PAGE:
The Art of Facilitated Networking, Part 1

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The Art of Facilitated Networking, Part 1


The number one reason we attend conferences and events is to network and build relationships. As event producers, we need to look for ways to make it easier for our guests to do both. Facilitated networking should be part of our strategy. Over the next 2 weeks, I will be sharing some of my thoughts on the matter.

While everyone wants to connect, the idea of hokey networking games makes even the most social of us go running toward the door! On the flip side, if left on their own, most people will gravitate towards those they know rather than forge new relationships.

So what about facilitated networking? This is the idea of not allowing the networking to happen entirely by accident but providing some structure to make it easier for your guests. Mind you, a little but of unstructured time is also a good thing! With all of this in mind here are a few of the strategies we have utilized over the past few event cycles:

Strategic Seating: Strategic seating at lunches and dinners is common.  Consider assigned seating at sessions with a seating plan that supports conversations – small rounds or executive chairs with side tables. If the session is casual, consider using sofas and other soft furniture. Be sure to see my last post on designing space. Query your guests in advance about connections they’d like to make and incorporate this intelligence into your seating plans. I also like to incorporate small tables of 2 or 4 into the breakfast or lunch dining to allow for more intimate conversation.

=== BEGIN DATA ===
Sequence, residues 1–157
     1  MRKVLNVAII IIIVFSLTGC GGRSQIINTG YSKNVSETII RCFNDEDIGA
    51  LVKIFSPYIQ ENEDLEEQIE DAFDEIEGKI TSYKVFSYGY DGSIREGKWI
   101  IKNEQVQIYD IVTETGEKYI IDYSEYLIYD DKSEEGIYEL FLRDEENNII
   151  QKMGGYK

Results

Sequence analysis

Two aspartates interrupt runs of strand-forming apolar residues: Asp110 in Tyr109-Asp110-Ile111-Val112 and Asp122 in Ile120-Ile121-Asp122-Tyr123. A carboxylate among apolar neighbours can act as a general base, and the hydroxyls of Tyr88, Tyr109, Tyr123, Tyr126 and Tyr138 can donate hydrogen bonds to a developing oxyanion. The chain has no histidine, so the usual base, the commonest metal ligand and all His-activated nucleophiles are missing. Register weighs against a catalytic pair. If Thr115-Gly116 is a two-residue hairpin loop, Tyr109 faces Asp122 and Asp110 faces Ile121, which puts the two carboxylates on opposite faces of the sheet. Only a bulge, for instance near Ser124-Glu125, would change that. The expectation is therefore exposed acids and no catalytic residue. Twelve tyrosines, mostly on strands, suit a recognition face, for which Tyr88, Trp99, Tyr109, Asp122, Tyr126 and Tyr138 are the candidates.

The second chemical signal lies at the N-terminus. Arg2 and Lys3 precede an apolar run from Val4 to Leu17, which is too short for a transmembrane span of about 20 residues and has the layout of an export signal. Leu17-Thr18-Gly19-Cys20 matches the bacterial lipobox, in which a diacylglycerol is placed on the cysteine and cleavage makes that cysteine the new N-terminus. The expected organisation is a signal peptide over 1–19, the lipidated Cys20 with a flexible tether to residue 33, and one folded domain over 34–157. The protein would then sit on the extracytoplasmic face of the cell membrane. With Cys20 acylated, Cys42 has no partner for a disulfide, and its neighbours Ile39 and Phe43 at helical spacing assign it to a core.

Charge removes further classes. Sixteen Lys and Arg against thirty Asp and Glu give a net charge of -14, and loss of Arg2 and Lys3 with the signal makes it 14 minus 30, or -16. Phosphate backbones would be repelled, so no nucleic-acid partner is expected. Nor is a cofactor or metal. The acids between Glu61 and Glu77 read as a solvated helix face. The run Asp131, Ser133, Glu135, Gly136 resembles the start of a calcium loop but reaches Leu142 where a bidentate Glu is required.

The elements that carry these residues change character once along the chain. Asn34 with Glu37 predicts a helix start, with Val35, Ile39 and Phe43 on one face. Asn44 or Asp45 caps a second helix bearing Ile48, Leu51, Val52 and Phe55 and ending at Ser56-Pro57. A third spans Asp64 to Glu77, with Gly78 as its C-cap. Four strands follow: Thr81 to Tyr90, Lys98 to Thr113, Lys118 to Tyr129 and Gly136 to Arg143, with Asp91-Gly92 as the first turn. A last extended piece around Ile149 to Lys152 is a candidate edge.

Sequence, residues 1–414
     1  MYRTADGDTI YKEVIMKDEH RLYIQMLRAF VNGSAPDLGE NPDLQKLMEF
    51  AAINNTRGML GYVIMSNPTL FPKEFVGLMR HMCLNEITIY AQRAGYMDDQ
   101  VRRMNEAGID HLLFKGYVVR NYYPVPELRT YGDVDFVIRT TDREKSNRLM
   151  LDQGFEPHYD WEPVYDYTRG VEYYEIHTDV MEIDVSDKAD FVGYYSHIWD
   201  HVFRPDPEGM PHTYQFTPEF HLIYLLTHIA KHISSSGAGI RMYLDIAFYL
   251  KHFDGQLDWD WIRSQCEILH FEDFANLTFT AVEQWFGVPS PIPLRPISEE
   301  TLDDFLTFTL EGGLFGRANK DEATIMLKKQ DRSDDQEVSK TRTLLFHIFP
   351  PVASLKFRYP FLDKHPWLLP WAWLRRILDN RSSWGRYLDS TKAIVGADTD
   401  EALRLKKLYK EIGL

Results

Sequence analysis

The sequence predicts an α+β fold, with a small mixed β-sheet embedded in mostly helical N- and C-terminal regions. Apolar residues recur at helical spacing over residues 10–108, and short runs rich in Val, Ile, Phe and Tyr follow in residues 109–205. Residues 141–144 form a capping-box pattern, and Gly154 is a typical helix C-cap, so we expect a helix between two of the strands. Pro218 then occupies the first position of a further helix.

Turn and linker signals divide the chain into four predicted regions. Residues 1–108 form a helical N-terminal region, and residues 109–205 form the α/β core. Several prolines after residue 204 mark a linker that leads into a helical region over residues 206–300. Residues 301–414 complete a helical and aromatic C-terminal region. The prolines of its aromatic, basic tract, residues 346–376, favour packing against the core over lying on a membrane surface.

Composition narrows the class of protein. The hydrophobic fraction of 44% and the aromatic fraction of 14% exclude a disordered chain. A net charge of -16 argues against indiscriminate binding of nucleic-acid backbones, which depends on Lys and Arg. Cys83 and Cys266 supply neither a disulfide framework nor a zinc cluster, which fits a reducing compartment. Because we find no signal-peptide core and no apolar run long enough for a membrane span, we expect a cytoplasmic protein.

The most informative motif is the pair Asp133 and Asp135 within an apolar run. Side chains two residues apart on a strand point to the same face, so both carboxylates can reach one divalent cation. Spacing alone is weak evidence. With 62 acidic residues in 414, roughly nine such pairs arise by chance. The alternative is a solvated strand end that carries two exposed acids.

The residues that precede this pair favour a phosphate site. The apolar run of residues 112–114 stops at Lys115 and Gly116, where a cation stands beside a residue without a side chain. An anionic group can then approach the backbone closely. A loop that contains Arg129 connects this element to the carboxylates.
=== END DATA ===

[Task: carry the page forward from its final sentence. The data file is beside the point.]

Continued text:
Content: Build in opportunities for Q&A and invite event participants to both shape and contribute to the content via participation in panel discussions, moderators, etc. Design the content around your customer care-abouts and make it interactive.

Breaks: Build in plenty and longer breaks allowing guests time to converse.  Sessions often run over meaning breaks are cut short so be sure to factor in enough time to in the agenda. Tee-up the breaks with an invitation to your guests to share something relevant to the session they just heard or will hear.  Consider calling them network breaks on the published agenda.

Event Apps: Social media and event apps allow for connections to be made both pre and post event and offer a great way to build on the live exchanges. We’ve had great success with partners like DoubleDutch and more and more online registration technologies are integrating mobile apps into their systems.

I will share some more of my ideas around this topic next week. Stay tuned!

Cindy Wilson

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